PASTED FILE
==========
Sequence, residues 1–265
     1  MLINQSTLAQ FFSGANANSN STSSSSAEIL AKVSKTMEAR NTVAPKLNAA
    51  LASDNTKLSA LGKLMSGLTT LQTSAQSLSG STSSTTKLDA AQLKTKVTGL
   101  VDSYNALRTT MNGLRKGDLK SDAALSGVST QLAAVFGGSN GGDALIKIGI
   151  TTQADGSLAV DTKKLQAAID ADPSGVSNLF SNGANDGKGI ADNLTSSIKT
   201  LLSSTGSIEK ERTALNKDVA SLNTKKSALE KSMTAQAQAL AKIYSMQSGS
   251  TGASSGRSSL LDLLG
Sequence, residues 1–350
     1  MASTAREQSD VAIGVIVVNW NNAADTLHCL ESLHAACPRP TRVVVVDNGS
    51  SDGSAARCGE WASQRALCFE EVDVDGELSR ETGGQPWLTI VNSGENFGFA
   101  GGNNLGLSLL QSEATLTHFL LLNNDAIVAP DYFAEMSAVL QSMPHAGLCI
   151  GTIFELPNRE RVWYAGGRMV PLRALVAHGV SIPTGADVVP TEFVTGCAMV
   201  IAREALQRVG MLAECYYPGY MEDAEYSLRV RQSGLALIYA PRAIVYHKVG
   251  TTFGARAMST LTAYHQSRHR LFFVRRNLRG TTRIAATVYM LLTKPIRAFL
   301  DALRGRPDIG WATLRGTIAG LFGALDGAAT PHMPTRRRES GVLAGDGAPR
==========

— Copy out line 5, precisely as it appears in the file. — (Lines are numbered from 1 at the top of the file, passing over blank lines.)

   151  TTQADGSLAV DTKKLQAAID ADPSGVSNLF SNGANDGKGI ADNLTSSIKT